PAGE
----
TAMPA — More security guards are not needed in the Hillsborough public schools and could contribute to discrimination against minority students, the American Civil Liberties Union said Monday.
After analyzing data on student achievement and discipline, the individual rights advocacy group came out strongly against a proposal to place an armed guard in every elementary school. The Hillsborough County School Board is scheduled to vote on the idea next week.
"There is little evidence that the presence of SROs (school resource officers) will deter potential shooters," wrote Michael Pheneger, the group's statewide and Tampa Bay area president. "SROs at Columbine and campus police at Virginia Tech did not prevent those tragedies. ... The unfortunate truth is that no amount of additional spending can guarantee that shooting incidents will not occur."
More likely, Pheneger wrote, an increase in police and non-police guards will result in discipline that is more prevalent among minority students.
"There are negative consequences associated with placing additional police officers in public schools," Pheneger wrote, drawing on research the ACLU is conducting nationwide in what it calls the schools-to-prison pipeline.
"SROs, understandably, take a law-enforcement approach to school discipline. Problems once resolved in the principal's office often end up in the juvenile justice system."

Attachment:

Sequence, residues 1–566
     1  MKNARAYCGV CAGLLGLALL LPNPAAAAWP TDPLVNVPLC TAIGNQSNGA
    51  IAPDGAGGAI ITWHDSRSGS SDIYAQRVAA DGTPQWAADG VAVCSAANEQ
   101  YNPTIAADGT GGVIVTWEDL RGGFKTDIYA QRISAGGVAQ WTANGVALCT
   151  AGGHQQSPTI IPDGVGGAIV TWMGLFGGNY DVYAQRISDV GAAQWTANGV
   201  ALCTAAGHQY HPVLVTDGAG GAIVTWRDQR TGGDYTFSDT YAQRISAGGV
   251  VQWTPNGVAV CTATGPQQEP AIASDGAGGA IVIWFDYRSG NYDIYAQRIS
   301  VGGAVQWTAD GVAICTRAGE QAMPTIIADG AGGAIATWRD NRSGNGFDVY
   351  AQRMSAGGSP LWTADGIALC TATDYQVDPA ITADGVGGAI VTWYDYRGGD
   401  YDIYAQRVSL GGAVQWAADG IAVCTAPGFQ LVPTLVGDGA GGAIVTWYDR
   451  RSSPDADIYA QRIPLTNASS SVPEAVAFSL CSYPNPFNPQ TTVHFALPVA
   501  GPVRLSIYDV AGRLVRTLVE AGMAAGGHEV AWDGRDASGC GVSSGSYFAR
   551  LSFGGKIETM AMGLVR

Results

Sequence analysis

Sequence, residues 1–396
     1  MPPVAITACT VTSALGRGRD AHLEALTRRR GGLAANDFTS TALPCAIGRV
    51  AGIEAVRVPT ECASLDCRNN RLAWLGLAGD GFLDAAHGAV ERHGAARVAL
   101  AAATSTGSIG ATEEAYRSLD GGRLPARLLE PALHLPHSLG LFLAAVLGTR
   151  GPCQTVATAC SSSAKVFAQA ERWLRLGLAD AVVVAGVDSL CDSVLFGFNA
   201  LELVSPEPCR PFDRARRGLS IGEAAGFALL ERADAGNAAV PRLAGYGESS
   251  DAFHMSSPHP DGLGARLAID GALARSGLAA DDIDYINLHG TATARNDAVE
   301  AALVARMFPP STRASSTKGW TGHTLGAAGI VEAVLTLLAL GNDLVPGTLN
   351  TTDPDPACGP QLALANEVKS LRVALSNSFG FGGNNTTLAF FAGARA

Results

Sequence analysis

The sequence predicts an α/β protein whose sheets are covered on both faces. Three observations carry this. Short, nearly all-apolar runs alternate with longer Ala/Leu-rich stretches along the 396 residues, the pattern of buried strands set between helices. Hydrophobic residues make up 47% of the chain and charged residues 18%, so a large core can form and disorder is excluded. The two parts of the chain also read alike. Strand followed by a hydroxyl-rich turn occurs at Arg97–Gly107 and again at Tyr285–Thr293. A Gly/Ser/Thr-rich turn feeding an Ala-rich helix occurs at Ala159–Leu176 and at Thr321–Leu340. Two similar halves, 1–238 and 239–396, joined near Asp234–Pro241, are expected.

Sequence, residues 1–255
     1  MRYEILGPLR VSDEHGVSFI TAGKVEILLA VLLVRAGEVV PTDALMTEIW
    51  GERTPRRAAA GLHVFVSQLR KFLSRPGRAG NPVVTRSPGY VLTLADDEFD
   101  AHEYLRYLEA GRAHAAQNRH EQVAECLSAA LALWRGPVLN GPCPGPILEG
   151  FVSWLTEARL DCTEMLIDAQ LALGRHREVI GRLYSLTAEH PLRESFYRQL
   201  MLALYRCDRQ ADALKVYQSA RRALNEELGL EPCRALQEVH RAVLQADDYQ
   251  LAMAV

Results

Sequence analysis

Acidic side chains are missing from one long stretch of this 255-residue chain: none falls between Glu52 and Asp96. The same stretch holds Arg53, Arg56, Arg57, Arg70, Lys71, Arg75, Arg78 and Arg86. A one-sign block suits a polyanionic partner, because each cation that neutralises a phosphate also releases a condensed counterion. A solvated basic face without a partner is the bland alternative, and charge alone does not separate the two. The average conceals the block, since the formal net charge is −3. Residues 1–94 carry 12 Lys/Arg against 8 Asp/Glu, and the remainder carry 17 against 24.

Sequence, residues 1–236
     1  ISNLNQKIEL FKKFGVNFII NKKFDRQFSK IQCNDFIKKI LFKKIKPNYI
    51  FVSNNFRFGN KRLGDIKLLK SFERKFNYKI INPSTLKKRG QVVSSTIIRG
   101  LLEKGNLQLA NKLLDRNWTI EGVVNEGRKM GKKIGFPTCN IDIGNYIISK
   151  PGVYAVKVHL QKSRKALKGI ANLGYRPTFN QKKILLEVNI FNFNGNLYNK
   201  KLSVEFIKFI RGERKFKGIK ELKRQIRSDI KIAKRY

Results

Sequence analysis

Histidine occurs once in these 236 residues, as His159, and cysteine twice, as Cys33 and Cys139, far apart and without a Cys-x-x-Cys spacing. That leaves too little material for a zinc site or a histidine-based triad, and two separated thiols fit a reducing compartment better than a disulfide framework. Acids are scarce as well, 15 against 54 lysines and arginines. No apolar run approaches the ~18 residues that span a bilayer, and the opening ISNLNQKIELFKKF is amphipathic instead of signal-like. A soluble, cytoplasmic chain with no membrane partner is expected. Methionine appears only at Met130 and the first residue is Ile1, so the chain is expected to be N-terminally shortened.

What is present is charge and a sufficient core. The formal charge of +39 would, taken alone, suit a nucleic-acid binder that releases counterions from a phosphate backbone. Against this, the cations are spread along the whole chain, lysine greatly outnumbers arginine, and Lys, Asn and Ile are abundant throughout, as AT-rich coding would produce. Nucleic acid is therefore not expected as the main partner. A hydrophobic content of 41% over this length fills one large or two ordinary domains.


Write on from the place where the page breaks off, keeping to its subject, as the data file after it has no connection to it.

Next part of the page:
Quoting the Florida Justice Policy Institute, he also wrote: "Schools with SROs have nearly five times the rate of arrests for disorderly conduct as schools without them."
The School Board had planned to vote on the four-year security expansion at Tuesday's meeting. But, because member Candy Olson will be away and Superintendent MaryEllen Elia wanted the full board present, it is being rescheduled to a special meeting Dec. 18, when the board will gather for a workshop.
The idea has drawn strong support from elementary school principals. Both Elia and 20-year security chief David Friedberg, who disclosed recently that he will soon retire, have said last year's killings in Newtown, Conn. convinced them every campus needs a trained first responder.
Friedberg is adamant that the Hillsborough guards and SROs make every attempt to keep students out of the criminal justice system. But he acknowledged recently that more guards and officers could logically lead to more arrests — and that the district would have to watch out for racial disparities.
Data pulled by the ACLU show that of disciplinary incidents resulting in arrests last school year, 48 percent involved black students, 25 percent Hispanics and 21 percent whites. That compares with a student population that is 22 percent black, 32 percent Hispanic and 37 percent white.
The organization also is concerned about students being deprived of their rights and being interviewed without parents present. And the group questions whether schools are dealing with the causes of inappropriate behavior.
"Information the district provided to the NAACP indicates that the vast majority of disciplinary infractions occur in the classroom, suggesting that programs to improve the in-class dynamics between students and teachers would be a wiser investment of scarce resources," Pheneger wrote.
Marlene Sokol can be reached at (813) 226-3356 or firstname.lastname@example.org.